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Why 2018 Is The Best Year For Investment In India, Especially For The Common Man

May 15, 2018 | 2 years ago | Read Time: 4 minutes | By Manan Vyas

In the past month both the International Monetary Fund (IMF) and World Bank (WB) have released reports showing India’s positive growth trajectory for the year, further adding the phenomenal recovery of the country is pushing South Asia to be the fastest growing region in the world.

The IMF’s World Economic Outlook (WEO) stated that having recorded a Gross Domestic Product (GDP) of a whopping $2.6 trillion for the year 2017, India has now replaced France to be the world’s sixth largest economy.

The Indian economy, which was struggling to recover from the impacts of demonetisation and the roll out of the Goods and Services Tax (GST) has finally stabilised according to the World Bank, and is on track to grow at a rate of 7.3% in 2018, and 7.5% in 2019. “Both demonetisation and GST created short-term disruptions in economic activity,” the report stated. “As the inflation rate rebounded pushing real interest rates down, a recapitalization plan for banks was announced, and the effects of the two temporary shocks vanished, and growth bounced back.”

The World Bank also added that inflation rates in India are in line with targets and policy makers have been able to confront unexpected developments on the prices front. Furthermore, the global economy overall also recovered in 2017, however, as India was still recovering through the impositions and shocks of GST and demonetization, Indian investors were unable to take advantage of this global revival. However, it seems that this is all set to change for 2018, and with inflation targets in check and growth headed in a steady direction, one thing is clear, the market has set the stage for the common man to invest in the booming economy, and it is up to us to seize this opportunity. Governmental push for increased investment


The Economic Survey of the country published in January 2018, highlighted the government’s growing concern of the slowdown in investment in India. While the country reached historically high levels of investment in the mid-2000s, there was a slow and gradual decline in investment since 2012, particularly in private investment. Investment is critical to the growth of an economy, and the Survey highlighted the government’s attempts to increase investment in the country, including by increasing public investment, which creates ideal opportunities for people to undertake in private investment.

Additionally, in October last year, the government unveiled a plan to infuse over Rs 2.11 lakh crore capital for 2018-2020, highlighting their dedication to ensuring the global revival is also felt in the Indian economy. Economists and experts highlighted the critical nature of the plan, and said the recapitalisation of banks is the one thing that will revive private investment in the economy.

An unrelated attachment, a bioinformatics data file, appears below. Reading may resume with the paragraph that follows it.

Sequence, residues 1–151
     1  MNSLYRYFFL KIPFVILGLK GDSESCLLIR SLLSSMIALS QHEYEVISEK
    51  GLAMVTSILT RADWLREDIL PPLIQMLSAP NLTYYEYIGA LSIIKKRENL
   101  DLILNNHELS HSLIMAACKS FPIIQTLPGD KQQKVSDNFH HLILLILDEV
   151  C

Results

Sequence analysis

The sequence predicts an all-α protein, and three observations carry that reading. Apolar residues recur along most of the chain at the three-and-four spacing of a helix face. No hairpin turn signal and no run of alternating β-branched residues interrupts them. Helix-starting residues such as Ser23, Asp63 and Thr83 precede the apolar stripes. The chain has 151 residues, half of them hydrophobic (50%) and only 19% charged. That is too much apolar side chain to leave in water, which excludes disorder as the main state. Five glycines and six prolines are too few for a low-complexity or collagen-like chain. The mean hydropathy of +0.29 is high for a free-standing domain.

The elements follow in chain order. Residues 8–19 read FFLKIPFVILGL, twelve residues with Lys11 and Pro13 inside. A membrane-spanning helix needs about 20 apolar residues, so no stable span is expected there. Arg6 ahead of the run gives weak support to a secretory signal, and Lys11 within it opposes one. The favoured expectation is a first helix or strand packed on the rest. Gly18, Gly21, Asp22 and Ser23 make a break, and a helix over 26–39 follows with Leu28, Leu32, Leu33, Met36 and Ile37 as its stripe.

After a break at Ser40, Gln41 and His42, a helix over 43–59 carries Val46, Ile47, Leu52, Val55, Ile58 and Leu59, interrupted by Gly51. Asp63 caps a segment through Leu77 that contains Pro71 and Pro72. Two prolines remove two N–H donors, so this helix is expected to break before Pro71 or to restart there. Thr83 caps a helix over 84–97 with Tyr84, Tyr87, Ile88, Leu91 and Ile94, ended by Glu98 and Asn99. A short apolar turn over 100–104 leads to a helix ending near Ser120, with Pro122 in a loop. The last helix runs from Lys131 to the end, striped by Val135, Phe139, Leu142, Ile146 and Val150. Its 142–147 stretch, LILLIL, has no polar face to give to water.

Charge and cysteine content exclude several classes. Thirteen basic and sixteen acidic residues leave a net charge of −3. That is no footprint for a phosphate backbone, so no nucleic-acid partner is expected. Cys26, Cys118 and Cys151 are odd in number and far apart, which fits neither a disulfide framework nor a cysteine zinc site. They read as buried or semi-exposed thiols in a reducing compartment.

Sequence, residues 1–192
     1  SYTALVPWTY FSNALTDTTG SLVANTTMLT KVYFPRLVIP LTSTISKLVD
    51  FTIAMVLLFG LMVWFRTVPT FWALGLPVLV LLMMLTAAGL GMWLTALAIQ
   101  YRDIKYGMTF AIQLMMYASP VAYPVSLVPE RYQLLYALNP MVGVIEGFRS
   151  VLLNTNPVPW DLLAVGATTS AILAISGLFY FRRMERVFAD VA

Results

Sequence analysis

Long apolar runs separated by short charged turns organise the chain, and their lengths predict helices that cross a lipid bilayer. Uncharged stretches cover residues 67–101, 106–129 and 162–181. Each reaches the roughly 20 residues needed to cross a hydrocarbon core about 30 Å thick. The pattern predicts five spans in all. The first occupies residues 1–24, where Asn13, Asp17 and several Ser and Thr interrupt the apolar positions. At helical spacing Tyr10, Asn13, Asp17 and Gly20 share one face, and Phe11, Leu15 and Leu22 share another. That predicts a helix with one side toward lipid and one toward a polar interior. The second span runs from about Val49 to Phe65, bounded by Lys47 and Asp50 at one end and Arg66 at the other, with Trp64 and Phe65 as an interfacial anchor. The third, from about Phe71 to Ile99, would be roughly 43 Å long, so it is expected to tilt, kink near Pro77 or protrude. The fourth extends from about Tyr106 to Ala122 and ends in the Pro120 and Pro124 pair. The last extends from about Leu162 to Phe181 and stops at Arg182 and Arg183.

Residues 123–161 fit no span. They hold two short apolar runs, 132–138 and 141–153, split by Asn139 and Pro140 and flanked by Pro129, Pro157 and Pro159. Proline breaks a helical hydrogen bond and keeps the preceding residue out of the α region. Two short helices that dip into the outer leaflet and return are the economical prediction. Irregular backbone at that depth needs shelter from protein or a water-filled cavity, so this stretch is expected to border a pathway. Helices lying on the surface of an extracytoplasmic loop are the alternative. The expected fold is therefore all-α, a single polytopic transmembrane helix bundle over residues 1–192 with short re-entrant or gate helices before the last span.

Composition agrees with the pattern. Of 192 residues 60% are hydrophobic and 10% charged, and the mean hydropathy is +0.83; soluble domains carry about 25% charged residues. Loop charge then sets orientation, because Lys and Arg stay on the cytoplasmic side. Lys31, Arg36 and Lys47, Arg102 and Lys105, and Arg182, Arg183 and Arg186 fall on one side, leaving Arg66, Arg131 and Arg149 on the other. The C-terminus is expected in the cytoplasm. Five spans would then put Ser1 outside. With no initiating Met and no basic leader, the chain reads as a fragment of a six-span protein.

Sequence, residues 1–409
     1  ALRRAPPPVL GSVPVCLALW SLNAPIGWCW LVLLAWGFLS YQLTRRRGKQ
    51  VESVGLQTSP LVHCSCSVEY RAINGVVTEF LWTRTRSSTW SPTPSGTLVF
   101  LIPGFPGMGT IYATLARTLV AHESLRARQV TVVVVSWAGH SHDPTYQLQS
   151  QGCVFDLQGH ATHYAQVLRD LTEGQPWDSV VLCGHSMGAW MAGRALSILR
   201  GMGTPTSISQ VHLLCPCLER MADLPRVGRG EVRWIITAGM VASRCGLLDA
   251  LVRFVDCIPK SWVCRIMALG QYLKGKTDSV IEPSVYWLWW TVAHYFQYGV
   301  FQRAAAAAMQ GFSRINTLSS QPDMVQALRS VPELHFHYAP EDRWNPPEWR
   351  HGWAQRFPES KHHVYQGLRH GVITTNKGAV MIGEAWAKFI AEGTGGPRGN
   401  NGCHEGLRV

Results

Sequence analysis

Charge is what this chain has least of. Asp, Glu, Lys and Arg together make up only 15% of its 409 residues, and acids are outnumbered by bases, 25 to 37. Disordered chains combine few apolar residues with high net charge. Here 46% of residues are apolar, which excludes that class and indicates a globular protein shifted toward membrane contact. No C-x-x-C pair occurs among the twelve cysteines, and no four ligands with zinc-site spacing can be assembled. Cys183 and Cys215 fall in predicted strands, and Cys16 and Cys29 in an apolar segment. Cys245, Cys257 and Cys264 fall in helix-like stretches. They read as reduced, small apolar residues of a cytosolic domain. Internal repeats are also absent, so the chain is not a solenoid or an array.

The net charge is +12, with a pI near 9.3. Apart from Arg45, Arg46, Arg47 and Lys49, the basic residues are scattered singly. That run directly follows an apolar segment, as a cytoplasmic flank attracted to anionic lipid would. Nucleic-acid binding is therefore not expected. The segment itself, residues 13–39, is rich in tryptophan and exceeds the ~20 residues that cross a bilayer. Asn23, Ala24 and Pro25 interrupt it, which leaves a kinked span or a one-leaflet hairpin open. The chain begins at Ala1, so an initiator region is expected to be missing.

The infrastructure revival program coupled with the Insolvency and Bankruptcy Code (IBC) has had great payoffs for the economy, including pushing investors and foreign direct investment into the country, making it more ideal for first-time investors to dabble into the market. A report released in March this year, highlighted that the revival of growth in in the country for the quarter-ended in December was driven mostly due to a recovery in investments.

The growth in gross fixed capital formation for the quarter was 12%, a whopping increase from the 6.9% in the September quarter. In addition to this, a noteworthy factor is the country’s growing acceptance of digital India and the e-commerce sector as well as its strides towards financial inclusion.

New doors open for investment

Change in governmental policies and outlook has opened up a set of new industries for the economy, some of which have the capability to change the outset of the Indian economy, thereby, creating innumerable chances for the Indian investor. Let’s take the Indian e-commerce sector for an example- not a day goes by that we don’t hear about a global giant such as Amazon or Walmart competing to penetrate the Indian market, or hear numerous stories about the growth of home-grown players such as Flipkart. With the Indian e-commerce sector set to cross over $50 billion in 2018, the landscape of opportunities available to investors has increased considerably. Another industry that is benefitting from the government’s drive of financial inclusion is the cross-border remittance Indian market which is estimated to be cross $6-7 billion for the year, due to the Reserve Bank of India’s decision to allow non-traditional players such as Paytm, Airtel and many more to make their foray into foreign exchange and cross-border remittance services.

The growth of such new industries, coupled with strong government backing has also pushed up the stock market in India, making it more lucrative for investors. As highlighted by the World Bank, stock market prices in India are “strongly influenced by global trends” and has been “climbing for a while.” Market experts have predicted that all these rises, coupled with GDP growth are expected to push investments from 30% (of GDP) for 2017 to around 35% in 2027, marking an increase in gross capital formation from $0.7 trillion annually to around $2.4 trillion.

A major motivator for private investment for consumers is corporate profitability which according to BSE 500 company earnings growth has recovered majorly in 2017 and expected to be even higher for 2018, almost just screaming out for people to invest back into the economy.

All these macro and micro figures point to one thing: it is a good time for the common man to invest into the market. The booming growth figures, coupled with government backing and revival has set our stage, and it is up to us to take up the opportunity and invest.


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